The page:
For U.S. and Russia, Kyrgyz Crisis Poses Strategic Risk

By Gregory L. White

The worsening ethnic violence in Kyrgyzstan is hundreds of miles from U.S. and Russian bases in the central Asia country, but it poses thorny strategic dilemmas for both.

For Washington, Kyrgyzstan is a vital transit hub for supplies to the war in Afghanistan, providing a key alternate route to risky deliveries from Pakistan. The State Department on Sunday called for a quick restoration of peace and order, endorsing efforts by the United Nations and the Organization for Security and Cooperation in Europe to find a solution.

For Moscow, the Kyrgyz crisis is a test for efforts to exert greater influence in a region that had until recently been a geopolitical battleground. Russia has repeatedly sought in recent years to oust the U.S. base, even though the Kremlin approved its creation nearly a decade ago.

> Map of Kyrgyzstan
The Kremlin was cool to calls from the interim government in Bishkek for Russian troops to restore order. President Dmitry Medvedev on Sunday ordered a battalion of paratroops to reinforce the garrison at the Russian base. Both he and Prime Minister Vladimir Putin spoke to Kyrgyz interim President Roza Otunbayeva over the weekend.

A Kremlin spokeswoman said Sunday that Russian troops wouldn't be deployed to resolve what she called "a domestic conflict." Instead, Mr. Medvedev called a meeting for Monday of security officials from the Collective Security Treaty Organization, a Russian-dominated body of former Soviet nations.

The group's charter allows military assistance for members, but the prospect of intervention by the group to put down internal unrest is likely to be controversial among its largely authoritarian members, typically fiercely protective of their independence.

"There's not a lot of enthusiasm coming out of Moscow," said Andrew Kuchins, an analyst at the Center for Strategic and International Studies in Washington. "Who's going to step up to the plate and do something about this? I don't have an answer."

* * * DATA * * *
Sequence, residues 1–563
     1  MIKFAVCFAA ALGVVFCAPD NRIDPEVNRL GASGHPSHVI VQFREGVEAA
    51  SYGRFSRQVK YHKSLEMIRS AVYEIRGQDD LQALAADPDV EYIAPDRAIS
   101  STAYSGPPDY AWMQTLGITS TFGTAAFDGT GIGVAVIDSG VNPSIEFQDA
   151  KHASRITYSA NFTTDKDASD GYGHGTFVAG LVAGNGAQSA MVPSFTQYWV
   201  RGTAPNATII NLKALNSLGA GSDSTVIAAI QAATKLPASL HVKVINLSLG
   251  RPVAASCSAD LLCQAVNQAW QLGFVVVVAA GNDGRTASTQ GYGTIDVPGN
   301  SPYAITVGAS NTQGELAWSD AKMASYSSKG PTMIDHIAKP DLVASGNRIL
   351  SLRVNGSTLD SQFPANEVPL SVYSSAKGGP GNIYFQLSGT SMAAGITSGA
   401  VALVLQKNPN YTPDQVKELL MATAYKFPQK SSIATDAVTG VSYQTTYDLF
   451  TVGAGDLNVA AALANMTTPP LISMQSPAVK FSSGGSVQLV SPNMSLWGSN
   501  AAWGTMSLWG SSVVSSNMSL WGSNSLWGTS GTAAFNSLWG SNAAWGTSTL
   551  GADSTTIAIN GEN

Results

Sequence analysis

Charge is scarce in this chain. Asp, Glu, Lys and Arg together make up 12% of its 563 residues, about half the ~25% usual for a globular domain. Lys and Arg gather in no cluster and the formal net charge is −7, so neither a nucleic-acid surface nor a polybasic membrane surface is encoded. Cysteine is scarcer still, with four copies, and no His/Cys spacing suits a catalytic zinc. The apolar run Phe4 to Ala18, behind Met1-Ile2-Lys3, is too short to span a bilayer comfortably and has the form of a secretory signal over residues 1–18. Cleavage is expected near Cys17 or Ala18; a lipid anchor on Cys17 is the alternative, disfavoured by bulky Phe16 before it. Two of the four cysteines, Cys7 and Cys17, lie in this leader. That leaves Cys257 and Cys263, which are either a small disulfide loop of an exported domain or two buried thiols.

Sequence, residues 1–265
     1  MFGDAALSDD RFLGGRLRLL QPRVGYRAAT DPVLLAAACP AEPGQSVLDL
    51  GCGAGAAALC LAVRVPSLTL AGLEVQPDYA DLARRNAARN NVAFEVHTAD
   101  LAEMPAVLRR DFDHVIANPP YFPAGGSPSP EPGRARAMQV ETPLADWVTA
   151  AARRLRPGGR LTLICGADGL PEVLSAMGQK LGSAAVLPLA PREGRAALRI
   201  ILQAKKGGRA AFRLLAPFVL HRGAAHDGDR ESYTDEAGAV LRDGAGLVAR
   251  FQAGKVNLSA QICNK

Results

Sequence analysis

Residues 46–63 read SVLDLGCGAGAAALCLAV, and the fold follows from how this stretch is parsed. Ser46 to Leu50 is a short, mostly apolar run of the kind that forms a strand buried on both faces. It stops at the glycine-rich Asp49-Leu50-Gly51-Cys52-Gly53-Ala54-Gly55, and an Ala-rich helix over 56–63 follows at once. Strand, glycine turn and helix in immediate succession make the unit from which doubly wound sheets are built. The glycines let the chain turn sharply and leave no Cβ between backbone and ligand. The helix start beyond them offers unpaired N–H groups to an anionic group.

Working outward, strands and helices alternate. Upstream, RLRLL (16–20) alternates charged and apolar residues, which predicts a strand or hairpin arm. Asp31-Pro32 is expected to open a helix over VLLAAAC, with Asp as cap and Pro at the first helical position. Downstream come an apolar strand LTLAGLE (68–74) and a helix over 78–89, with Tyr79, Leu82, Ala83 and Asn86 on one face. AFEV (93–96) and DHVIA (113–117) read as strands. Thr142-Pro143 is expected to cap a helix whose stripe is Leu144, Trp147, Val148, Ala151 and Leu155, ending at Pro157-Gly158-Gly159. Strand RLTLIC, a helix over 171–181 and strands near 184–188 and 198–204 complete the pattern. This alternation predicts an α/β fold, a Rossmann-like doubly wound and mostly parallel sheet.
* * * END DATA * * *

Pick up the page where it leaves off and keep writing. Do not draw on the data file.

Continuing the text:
Uzbekistan, a member of the security group, was most directly affected by the violence, which targeted the large Uzbek minority in southern Kyrgyzstan. Tens of thousands of refugees flooded across the border over the weekend to flee the attacks. Uzbekistan's dictatorial leadership denounced the violence but showed no sign it would intervene. Mr. Medvedev spoke with Uzbek President Islam Karimov over the weekend, the Kremlin said.

Vladimir Milov, a Russian opposition politician, said Sunday that the violence in Kyrgyzstan highlights the risk of instability facing nondemocratic regimes across the region.

"Kyrgyzstan is fast becoming a failed state—where the authorities can't keep the situation under control and where rule from outside is needed," he wrote in a blog post.

The interim government has scheduled a national referendum for June 27 to help establish its legitimacy.

Officials of the government in Bishkek blamed the violence on supporters of deposed President Kurmanbek Bakiyev. From exile in Belarus, he denied any role.

The U.S. expressed concern about the situation said the transit center, as the base at Manas is known, would help deliver humanitarian aid to the riot-stricken regions.

The base said it wasn't affected by the violence.

Washington's influence is limited, however. The interim government has criticized Washington, which appears to have been caught flatfooted by the uprising in April that brought it to power, for being too close to the previous leadership.
Wall Street Journal